Experts Campaign For South Sudan To be Placed Under The UN-AU Trusteeship
for 10-15 Years.
[image: Kate Ambquist Knopf, the Director of Africa Center For Strategic
Studies and U.S. Department of Defense(Photo: supplied)]
Kate Ambquist Knopf, the Director of Africa Center For Strategic Studies
and U.S. Department of Defense(Photo: supplied)
*Sept 21, 2016(Nyamilepedia)* —– Briefing the United States Senate
Committee on Foreign Affairs on Sept 20th in Washington DC, experts on
South Sudan, call for South Sudan to be placed under the UN Trusteeship for
a period of 10 to 15 years.
The experts, which include Dr. Luka Biong Deng Kuol, Dr. Jok Madut Jok and
Kate Almquist Knopf unanimously agreed that South Sudan is no longer on the
brink of state failure or economic collapse but a complete failed state
that should be immediately placed under life support for a period of 10 to
“South Sudan is not on the brink of state failure. South Sudan is not in
the process of failing. South Sudan has failed, at great cost to its people
and with increasingly grave implications for regional security, including
the stability of important U.S. partners in the Horn of Africa.” Said Kate
Ambquist Knopf, the Director of Africa Center For Strategic Studies and
U.S. Department of Defense.
The Honorable Kate Almquist Knopf vividly explains how she has worked with
President Salva Kiir during the Compressive Peace Agreement and within the
last 5 years of South Sudan independent.
According to her independent observations, Kate has seen South Sudan on the
brink of failure as its leaders struggle for power and control of resources
to a failed extend where the incumbent regime ceased to perform even the
minimal functions and responsibilities of a sovereign state.
Although Salva Kiir regime may speak for the country and its sovereignty,
Kate reiterates that South Sudan’s domestic sovereignty is contested and
discredited by the warring factions under Kiir and Machar.
“South Sudan has ceased to perform even the minimal functions and
responsibilities of a sovereign state. The government exercises no monopoly
over coercive power, and its ability to deliver public services, provide
basic security, and administer justice is virtually nonexistent. While the
Kiir regime may2claim legal sovereignty, in practice domestic sovereignty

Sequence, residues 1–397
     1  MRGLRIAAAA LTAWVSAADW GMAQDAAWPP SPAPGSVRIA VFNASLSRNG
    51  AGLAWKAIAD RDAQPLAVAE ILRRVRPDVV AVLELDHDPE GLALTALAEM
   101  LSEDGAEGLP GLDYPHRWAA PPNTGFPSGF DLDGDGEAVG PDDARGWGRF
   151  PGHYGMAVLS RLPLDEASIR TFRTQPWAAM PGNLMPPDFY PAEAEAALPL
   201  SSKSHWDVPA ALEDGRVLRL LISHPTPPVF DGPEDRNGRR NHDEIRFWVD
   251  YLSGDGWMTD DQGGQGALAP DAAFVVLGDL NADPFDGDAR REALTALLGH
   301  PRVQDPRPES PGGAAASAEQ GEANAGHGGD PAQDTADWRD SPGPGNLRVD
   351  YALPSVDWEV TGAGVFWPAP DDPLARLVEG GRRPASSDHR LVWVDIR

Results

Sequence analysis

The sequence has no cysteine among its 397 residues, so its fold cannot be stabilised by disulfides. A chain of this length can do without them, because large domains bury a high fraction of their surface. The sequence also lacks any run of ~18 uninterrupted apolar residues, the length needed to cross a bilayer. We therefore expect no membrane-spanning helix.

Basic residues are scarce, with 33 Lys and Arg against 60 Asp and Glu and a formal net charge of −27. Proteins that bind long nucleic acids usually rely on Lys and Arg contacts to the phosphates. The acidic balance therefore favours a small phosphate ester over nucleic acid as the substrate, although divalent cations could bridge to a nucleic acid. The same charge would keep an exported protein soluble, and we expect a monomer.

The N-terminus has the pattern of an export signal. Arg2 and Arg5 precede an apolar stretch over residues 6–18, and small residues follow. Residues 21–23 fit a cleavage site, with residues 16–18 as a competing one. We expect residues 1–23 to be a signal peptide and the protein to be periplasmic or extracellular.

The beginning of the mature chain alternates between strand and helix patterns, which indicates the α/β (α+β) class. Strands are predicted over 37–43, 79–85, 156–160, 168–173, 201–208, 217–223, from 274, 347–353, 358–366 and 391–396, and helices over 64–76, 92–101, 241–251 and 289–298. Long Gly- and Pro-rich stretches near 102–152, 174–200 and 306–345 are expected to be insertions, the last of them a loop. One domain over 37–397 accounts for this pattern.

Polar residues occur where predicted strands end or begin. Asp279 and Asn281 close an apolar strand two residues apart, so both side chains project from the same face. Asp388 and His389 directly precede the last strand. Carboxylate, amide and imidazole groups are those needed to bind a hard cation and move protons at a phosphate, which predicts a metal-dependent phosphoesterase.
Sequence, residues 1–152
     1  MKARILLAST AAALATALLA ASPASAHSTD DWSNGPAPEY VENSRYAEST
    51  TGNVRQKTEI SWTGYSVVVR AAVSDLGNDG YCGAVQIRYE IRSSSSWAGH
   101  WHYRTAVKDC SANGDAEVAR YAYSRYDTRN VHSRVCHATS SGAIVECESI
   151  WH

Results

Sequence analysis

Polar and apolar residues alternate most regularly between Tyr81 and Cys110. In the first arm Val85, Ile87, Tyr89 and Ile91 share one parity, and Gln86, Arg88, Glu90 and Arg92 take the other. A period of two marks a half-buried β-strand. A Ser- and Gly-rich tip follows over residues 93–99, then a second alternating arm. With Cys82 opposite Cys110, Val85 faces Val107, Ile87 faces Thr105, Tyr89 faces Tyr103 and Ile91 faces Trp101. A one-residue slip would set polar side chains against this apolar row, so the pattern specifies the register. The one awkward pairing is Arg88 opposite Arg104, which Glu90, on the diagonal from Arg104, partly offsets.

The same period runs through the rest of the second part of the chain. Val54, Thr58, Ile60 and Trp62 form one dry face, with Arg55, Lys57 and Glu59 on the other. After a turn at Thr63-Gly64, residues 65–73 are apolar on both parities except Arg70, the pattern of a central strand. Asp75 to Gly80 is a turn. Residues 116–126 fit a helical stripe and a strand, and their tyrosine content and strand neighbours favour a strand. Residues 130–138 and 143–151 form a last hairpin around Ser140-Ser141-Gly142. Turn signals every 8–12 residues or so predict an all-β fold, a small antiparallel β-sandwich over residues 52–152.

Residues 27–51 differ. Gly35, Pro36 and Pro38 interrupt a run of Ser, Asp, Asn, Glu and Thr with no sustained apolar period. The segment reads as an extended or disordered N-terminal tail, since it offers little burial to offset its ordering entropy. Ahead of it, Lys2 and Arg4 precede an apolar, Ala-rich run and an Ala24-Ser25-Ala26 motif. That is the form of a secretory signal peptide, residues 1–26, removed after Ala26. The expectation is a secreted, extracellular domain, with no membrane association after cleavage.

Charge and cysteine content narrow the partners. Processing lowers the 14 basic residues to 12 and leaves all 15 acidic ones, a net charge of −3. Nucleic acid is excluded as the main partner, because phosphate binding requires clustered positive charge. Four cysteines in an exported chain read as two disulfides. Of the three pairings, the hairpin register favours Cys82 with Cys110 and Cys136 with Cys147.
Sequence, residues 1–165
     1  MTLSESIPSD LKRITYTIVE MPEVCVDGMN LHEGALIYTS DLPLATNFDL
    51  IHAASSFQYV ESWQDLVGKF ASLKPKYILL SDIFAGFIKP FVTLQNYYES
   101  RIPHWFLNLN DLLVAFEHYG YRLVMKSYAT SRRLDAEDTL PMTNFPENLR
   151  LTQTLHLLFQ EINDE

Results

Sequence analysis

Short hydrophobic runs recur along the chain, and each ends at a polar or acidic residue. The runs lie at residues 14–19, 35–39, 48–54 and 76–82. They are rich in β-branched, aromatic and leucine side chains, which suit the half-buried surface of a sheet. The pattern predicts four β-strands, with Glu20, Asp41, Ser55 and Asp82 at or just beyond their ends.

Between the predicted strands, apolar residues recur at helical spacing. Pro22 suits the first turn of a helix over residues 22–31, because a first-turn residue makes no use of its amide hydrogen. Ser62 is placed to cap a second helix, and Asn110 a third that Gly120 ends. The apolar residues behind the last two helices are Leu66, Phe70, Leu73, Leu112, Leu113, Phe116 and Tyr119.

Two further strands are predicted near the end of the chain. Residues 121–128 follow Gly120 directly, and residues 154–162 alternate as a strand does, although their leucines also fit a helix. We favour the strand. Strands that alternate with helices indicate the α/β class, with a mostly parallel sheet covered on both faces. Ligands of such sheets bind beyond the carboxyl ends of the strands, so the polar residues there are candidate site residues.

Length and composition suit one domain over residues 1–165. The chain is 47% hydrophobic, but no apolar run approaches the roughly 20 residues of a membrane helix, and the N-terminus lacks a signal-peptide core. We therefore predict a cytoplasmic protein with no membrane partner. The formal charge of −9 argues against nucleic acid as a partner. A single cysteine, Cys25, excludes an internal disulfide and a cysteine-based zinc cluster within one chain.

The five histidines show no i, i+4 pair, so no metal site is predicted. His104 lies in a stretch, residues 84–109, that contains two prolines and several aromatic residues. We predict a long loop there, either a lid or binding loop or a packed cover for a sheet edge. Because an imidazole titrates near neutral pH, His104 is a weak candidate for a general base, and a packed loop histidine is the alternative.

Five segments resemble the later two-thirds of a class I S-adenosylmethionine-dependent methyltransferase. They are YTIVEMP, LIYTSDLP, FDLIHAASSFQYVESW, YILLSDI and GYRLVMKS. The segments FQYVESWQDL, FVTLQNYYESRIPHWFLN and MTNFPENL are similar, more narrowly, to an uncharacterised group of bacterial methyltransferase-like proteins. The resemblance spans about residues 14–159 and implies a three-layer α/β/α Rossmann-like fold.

is entirely contested and discredited.” Kate said.
According to the experts, placing South Sudan under UN and AU Trusteeship
will protect South Sudan’s sovereignty, its territorial integrity and
empows the citizens of South Sudan to take ownership of their country and
their future from liberators-turned-oppressors.
Kate explains that Trusteeship has worked in sovereign states such as
Cambodia, Kosovo and East Timor, and therefore South Sudan should not use
“sovereignty” as a shield to pursue violent and war crimes at the expenses
of its own people.
“Though seemingly radical, international administration is not
unprecedented and has been previously employed to guide other countries,
including sovereign states, out of conflict. Cambodia, Kosovo, and East
Timor are some of the most prominent examples. While it will realistically
take at least ten to fifteen years for South Sudanese to develop a new
vision for their state as well as the institutions to manage politics
nonviolently, it is more sensible to plan for this duration at the outset
than drift into an accumulation of one-year peacekeeping mandates over
decades, as has been done in the eastern Democratic Republic of the Congo,
Darfur, and elsewhere.” Kate said.
“Like a patient in critical condition, restoring South Sudan to viability
can only be done by putting the country on external “life support” and
gradually withdrawing assistance over time.” Kate explains
Under a UN and AU transitional administration, however, the World Bank
could manage South Sudan’s oil revenues in a transparent and accountable
manner to partially fund service delivery to South Sudanese. Major donors
and international financial institutions such as the IMF would be reassured
by the accountability and transparency mechanisms governing the delivery of
non- humanitarian assistance under the transitional administration.
“This would in turn bolster confidence that donor resources are supporting
national strategies to meet the needs of South Sudan’s citizens and unblock
generous aid packages that provide additional incentives to South Sudanese
constituencies to support the transition. Any services the people of South
Sudan receive today are already being provided by the international
community. A UN and AU transitional administration would remove the
political and security impediments to these operations.” Kate further
She reiterates that even more critically, a transitional administration
would provide space for the kind of genuine national dialogue process
prescribed by the AU Commission of Inquiry, “to provide a forum for
dialogue, inquiry, and to record the multiple, often competing narratives
about South Sudan’s history and conflicts; to construct a common narrative
around which a new South Sudan can orient its future; to uncover and
document the history of victimization and to recommend appropriate
responses,” including through a truth and reconciliation commission. It
would also allow for an internal discussion on the structure of the state.
Although UN and AU transitional administration could be tried in South
Sudan, Kate do not have better options other than a use of force and
dialogue to mitigate outbreak of violence while trying to isolate both
Machar and Kiir from South Sudan’s politics.
With some backing from the United States and the region, Salva Kiir
government has tried to isolate Machar from the Transitional Government and
subsequently from South Sudan, however, the experts argue that both Machar
and Kiir cannot be isolated from South Sudan politics.
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